Giving horseback riding lessons has been the most rewarding experience I have ever had. This came somewhat as a shock for me because while playing softball in college I never had any desire to coach or give hitting lessons. A lot of my team-mates invested their time in giving lessons, coaching summer teams, and working softball camps. I never could get into it.
I just assumed coaching/teaching wasn’t in the cards for me. Then I started volunteering at Whispers of Hope and began to really enjoy giving riding tips. I noticed lightbulbs coming on and positive adjustments being made just from the simple suggestions I would make. I was soon certified as a riding instructor and giving lessons a few times a week.
My lesson this morning was with a girl named Kirsten. This was only her second lesson with me, but she was already saddling Buddha up on her own while I stood back and made minor corrections, like saddle placement and fit for instance. I would explain why we do things like adjusting the blanket up, into the gullet of the saddle, over the horses withers.
I prepare a lesson personally for each individual based on their needs and goals. I thought I would share my lesson plan form with you guys and take you through some of my thought process.
The Lesson Plan link will take you to a PDF of my simple Lesson Plan Form that I use.
My first step is filling out the info at the top. Name, Date, Age, Place, and Horse used. I do this so I can keep the lesson, put it in a file dedicated to a rider, and look back at it if I need a reminder of how far along the rider is or what we have done in the past. I also make a note of how many lessons the rider has had at this point or how many weeks they have been coming.
The next thing I do is decide my “Destination/Goal” of the lesson. The goal of Today’s lesson was to maintain control at a walk.
I decided the best way to practice that would be to work on circles, reversing, and stopping at cones. In the lesson planning form, there is a rectangle box, where I would draw my ring set-up and cone placement for the lesson.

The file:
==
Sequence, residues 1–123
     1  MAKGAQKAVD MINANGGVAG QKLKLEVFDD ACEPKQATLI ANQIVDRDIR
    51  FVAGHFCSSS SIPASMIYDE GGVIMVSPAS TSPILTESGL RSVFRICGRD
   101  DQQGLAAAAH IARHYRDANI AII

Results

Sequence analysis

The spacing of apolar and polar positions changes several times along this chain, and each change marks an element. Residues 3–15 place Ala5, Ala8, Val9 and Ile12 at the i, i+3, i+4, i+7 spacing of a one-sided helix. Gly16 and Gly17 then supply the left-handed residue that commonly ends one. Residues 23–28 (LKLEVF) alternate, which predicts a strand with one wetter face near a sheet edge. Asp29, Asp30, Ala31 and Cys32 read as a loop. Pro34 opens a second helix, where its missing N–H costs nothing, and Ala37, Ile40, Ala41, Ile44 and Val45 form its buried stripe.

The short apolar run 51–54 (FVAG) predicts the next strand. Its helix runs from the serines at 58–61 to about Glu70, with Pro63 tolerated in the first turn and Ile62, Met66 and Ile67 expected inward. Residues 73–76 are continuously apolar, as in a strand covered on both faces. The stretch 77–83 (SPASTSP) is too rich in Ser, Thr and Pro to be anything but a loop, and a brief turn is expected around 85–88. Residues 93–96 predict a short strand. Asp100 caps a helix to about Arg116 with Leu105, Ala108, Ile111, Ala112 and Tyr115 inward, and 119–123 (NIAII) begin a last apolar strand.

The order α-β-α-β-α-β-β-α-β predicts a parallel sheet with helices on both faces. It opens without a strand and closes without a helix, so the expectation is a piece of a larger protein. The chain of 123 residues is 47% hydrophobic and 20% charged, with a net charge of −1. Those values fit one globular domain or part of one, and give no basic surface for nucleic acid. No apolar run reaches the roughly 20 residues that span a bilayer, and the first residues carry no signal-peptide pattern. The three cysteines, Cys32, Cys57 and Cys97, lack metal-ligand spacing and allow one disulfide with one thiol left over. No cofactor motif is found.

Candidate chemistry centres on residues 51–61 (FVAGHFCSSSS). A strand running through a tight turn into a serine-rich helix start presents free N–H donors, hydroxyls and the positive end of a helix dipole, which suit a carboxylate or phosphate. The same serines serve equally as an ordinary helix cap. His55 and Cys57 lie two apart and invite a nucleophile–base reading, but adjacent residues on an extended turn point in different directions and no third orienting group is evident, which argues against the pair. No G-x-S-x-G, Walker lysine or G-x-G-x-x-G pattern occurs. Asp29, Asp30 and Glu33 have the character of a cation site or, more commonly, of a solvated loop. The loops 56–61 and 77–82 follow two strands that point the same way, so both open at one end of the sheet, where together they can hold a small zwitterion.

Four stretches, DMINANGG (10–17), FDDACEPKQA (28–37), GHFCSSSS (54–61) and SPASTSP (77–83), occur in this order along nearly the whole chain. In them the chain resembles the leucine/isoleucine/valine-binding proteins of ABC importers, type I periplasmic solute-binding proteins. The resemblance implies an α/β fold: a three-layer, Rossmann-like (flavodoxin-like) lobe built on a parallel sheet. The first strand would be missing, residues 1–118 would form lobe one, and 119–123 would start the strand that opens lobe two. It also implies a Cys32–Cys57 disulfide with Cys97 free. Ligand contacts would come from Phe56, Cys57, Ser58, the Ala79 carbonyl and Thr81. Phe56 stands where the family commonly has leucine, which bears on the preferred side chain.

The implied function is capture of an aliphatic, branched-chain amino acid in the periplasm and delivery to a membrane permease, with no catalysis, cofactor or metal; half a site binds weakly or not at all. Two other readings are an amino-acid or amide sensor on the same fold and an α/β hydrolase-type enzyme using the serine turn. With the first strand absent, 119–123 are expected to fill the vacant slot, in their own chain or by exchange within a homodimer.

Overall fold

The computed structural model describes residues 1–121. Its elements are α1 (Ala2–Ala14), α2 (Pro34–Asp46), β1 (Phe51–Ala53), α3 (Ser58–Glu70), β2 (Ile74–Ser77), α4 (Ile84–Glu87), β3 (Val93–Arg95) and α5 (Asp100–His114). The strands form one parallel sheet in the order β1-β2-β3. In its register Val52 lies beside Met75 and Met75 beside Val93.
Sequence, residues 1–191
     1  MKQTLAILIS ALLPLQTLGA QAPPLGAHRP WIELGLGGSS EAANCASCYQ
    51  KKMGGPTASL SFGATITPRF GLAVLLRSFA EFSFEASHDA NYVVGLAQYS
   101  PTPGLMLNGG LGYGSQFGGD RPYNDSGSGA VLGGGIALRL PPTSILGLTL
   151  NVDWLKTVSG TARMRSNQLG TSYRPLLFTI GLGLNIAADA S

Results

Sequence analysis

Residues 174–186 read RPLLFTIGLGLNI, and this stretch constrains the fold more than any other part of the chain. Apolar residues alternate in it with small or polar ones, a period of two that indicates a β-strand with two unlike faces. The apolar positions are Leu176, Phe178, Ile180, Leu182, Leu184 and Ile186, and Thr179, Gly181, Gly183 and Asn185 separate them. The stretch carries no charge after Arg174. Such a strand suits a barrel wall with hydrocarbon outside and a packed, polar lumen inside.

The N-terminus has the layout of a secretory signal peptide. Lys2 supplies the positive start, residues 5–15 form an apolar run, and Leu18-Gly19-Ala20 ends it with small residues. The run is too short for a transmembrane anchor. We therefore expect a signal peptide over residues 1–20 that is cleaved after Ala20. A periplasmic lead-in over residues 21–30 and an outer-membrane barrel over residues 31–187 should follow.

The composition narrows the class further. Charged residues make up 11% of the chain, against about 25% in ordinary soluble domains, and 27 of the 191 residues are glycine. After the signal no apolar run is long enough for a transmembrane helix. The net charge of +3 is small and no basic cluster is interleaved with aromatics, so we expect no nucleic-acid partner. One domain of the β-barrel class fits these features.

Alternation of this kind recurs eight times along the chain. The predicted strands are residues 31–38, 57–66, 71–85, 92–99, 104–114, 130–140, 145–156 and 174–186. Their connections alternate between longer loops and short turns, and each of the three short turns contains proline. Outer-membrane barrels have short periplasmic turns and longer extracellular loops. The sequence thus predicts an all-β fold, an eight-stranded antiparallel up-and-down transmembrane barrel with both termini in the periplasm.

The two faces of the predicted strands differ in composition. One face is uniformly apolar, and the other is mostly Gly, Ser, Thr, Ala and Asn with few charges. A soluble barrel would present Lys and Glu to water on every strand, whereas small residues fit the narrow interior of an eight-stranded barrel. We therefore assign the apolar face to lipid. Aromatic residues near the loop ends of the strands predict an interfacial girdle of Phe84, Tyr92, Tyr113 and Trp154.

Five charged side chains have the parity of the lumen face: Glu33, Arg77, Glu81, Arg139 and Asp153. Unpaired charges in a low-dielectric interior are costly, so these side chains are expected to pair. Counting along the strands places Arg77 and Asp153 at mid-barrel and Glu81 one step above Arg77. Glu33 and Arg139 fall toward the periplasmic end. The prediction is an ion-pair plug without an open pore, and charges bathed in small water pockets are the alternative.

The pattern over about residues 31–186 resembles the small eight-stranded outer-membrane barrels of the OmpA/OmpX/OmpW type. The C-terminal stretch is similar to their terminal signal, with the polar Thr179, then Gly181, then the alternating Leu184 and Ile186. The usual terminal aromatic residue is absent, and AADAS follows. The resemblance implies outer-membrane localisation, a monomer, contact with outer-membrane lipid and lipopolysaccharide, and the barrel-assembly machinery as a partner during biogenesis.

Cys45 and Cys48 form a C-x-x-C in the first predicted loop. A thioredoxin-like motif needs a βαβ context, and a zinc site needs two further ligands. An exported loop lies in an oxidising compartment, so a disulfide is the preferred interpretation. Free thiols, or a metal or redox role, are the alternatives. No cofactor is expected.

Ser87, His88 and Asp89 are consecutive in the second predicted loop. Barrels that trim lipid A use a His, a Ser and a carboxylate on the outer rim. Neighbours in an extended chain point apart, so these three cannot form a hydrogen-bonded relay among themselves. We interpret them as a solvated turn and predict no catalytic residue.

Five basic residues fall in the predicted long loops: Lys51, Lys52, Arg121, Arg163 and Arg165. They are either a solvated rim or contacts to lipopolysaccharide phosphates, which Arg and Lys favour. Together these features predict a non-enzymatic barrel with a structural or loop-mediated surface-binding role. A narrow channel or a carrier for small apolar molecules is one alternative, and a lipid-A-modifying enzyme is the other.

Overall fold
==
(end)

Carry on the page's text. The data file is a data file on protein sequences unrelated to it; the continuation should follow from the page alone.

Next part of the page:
My Introduction is usually reviewing safety, grooming, saddling, as well as, the goals of the lesson.
Warm-ups are probably one of my favorite parts of the lesson. I use this time to get the rider comfortable in the saddle, confident, and hopefully an attitude ready to work hard yet have fun. I try not to spend more than 10 minutes on the warm-up because I want to save a substantial amount of time for the meat of my lesson. Beginner riders have a tendency to be very stiff and tense when they first get on their horse. When we spend a little extra time warming up, I see shoulders dropping down and legs lengthening which makes it easier to keep the rider in the correct position.
The Lesson begins after warm ups, starting with what we learned in the previous lesson, and builds upon that. If I need inspiration for my lessons I revert to resources like the CHA Horsemanship Manuals, 101 Arena Exercises, or the internet!
After every lesson I let my rider know what she did really well and write it down in the Positive Review. I also might include a fun game or Finisher if there is time.
Once the rider leaves, I make a few notes about what I liked about the lesson, didn’t like, or what the rider needs to work on.
Just like in any other coaching/teaching situation I have learned the value in lesson planning! Who would have thought I would get so much joy from teaching horseback riding!